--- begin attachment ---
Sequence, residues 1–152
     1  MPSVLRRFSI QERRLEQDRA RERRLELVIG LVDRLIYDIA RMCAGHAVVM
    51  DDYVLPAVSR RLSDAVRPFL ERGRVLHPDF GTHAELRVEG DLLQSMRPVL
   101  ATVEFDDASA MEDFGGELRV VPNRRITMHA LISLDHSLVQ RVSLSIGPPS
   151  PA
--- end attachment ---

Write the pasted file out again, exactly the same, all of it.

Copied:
Sequence, residues 1–152
     1  MPSVLRRFSI QERRLEQDRA RERRLELVIG LVDRLIYDIA RMCAGHAVVM
    51  DDYVLPAVSR RLSDAVRPFL ERGRVLHPDF GTHAELRVEG DLLQSMRPVL
   101  ATVEFDDASA MEDFGGELRV VPNRRITMHA LISLDHSLVQ RVSLSIGPPS
   151  PA